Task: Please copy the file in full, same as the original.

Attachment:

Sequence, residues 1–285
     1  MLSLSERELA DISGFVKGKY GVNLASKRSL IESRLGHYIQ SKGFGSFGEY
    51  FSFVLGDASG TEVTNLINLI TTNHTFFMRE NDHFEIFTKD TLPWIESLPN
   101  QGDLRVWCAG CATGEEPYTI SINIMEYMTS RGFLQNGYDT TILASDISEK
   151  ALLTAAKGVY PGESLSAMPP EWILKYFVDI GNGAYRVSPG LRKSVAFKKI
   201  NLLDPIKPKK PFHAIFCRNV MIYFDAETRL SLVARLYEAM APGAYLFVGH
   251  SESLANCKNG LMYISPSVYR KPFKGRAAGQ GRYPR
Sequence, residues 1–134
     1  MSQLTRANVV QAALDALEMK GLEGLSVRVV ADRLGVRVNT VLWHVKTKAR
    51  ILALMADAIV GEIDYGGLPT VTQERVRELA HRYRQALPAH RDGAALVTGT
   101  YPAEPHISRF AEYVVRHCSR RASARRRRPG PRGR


Sequence, residues 1–285
     1  MLSLSERELA DISGFVKGKY GVNLASKRSL IESRLGHYIQ SKGFGSFGEY
    51  FSFVLGDASG TEVTNLINLI TTNHTFFMRE NDHFEIFTKD TLPWIESLPN
   101  QGDLRVWCAG CATGEEPYTI SINIMEYMTS RGFLQNGYDT TILASDISEK
   151  ALLTAAKGVY PGESLSAMPP EWILKYFVDI GNGAYRVSPG LRKSVAFKKI
   201  NLLDPIKPKK PFHAIFCRNV MIYFDAETRL SLVARLYEAM APGAYLFVGH
   251  SESLANCKNG LMYISPSVYR KPFKGRAAGQ GRYPR
Sequence, residues 1–134
     1  MSQLTRANVV QAALDALEMK GLEGLSVRVV ADRLGVRVNT VLWHVKTKAR
    51  ILALMADAIV GEIDYGGLPT VTQERVRELA HRYRQALPAH RDGAALVTGT
   101  YPAEPHISRF AEYVVRHCSR RASARRRRPG PRGR